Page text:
Research by investigative journalist exposed the depths into which the beer company was prepared to sink, for profit.

By Nolitha Ngamlana

Olivier van Beemen speaks on Heineken’s role in exploiting poor African countries.            Photo: Lerato Mokhethi

DUTCH transnational beer company, Heineken, has been accused of capitalising on a lack of competitors and having a monopoly in poverty-stricken countries such as Nigeria, Rwanda and Kenya in order to exploit the citizens of those countries and to engage in questionable business practices.

This was at the centre of the presentation by Dutch investigative journalist and author, Olivier van Beemen, on Wednesday, October 31, at the African Investigative Journalism Conference 2018 (#AIJC18) at Wits University.

Van Beemen’s research, which he published in the book titled, Heineken in Africa: A Multinational Unleashed, casts a shadow on the truthfulness of Heineken’s claims, such as helping various African countries by assisting local farmers with skills development.

Instead, “Heineken disliked decolonisation,” said Van Beemen, because the company feared decolonisation would negatively affect its beer sales. The African market accounts for 14.7% of the global volume of beers sold and 20.8% of global profits.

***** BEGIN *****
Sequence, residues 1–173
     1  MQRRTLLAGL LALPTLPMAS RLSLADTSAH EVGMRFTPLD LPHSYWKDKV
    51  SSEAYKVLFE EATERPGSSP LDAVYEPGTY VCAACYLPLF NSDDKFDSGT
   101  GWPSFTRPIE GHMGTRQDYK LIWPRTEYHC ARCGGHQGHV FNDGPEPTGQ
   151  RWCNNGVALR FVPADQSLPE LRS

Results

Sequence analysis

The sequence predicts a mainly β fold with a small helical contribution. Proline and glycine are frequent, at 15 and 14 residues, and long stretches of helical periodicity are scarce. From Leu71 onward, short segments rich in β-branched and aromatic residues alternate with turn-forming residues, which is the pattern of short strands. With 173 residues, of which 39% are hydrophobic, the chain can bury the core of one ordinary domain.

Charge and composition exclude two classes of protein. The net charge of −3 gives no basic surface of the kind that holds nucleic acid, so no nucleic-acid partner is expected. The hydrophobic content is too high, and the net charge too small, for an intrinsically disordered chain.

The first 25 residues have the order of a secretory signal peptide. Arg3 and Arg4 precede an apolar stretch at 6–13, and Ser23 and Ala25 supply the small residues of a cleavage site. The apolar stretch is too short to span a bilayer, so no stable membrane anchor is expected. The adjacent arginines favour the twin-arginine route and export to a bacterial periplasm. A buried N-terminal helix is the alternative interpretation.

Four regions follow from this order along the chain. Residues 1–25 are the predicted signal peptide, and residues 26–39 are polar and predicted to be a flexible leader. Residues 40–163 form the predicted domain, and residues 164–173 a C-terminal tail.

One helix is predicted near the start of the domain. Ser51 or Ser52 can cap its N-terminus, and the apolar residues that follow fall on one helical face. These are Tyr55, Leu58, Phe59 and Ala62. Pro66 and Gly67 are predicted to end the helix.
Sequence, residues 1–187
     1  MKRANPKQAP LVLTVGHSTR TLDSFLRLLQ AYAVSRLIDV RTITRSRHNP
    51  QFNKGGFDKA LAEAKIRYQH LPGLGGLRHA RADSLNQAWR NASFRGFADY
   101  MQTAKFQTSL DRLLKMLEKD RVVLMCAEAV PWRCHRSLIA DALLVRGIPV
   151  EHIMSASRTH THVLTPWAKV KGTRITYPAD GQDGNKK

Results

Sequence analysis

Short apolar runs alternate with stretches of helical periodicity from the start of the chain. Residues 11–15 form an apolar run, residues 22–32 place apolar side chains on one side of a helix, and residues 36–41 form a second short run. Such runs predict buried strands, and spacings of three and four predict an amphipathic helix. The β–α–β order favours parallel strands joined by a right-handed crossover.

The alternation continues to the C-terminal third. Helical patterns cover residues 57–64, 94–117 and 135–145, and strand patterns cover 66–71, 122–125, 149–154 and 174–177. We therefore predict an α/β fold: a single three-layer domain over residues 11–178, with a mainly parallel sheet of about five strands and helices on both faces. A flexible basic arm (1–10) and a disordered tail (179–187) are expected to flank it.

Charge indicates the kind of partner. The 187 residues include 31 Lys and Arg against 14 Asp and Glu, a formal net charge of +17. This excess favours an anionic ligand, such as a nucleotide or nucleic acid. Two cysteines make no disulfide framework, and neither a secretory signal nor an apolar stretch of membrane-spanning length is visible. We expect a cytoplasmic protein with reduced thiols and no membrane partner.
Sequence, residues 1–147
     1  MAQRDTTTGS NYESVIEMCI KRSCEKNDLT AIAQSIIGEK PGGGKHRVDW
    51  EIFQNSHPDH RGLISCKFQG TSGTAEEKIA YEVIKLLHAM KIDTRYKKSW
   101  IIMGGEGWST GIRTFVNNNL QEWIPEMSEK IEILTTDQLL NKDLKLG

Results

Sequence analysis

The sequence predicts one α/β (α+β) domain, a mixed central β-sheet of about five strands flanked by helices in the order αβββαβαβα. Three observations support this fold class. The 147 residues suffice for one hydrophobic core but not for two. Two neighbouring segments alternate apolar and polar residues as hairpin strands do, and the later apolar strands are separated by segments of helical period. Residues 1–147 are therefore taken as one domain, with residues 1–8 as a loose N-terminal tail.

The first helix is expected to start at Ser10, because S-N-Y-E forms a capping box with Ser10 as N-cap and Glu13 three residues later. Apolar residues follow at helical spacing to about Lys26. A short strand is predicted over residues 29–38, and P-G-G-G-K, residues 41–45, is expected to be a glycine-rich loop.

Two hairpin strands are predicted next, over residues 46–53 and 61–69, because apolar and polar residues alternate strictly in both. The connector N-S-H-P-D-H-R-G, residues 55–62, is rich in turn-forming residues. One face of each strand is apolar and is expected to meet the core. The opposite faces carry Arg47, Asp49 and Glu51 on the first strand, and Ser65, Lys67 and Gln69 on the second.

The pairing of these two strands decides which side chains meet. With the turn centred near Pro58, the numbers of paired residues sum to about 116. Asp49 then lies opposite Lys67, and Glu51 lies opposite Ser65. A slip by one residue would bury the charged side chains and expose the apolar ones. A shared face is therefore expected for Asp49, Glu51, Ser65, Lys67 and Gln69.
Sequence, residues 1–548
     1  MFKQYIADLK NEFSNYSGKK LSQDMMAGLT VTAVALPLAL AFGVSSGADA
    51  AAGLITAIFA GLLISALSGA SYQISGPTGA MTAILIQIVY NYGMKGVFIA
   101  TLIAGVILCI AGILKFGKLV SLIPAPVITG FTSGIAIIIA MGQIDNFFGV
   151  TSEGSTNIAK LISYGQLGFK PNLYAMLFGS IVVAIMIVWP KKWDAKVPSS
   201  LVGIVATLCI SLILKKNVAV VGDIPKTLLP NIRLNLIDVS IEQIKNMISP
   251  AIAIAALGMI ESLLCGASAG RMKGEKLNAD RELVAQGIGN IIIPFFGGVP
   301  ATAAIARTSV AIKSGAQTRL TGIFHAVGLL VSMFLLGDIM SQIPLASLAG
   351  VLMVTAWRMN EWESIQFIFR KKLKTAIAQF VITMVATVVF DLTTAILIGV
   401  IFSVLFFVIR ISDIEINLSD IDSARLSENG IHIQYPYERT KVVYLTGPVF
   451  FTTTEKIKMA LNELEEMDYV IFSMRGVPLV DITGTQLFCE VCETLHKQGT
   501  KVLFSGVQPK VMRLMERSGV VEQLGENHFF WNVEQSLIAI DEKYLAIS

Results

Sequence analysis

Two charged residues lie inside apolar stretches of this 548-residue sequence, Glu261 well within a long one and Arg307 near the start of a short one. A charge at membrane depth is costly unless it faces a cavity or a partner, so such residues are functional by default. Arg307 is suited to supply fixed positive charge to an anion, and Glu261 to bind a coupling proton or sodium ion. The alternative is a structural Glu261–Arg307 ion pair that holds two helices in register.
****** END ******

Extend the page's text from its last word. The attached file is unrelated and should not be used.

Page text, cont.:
“Heineken has been involved in fraud cases in Nigeria and big collaborations with dictators,” said van Beemen.

His research also found that Heineken was involved in the exploitation of women in some African countries. This included women being appointed by Heineken to sell beers to intoxicate men in social gatherings and being ordered to perform sexual favours on those who asked.

Van Beenen said when Heineken was questioned about these allegations, they claimed that they did not know.

“Heineken has promised to do some soul-searching,” Van Beenen said.

This article was first published on Wits Vuvuzela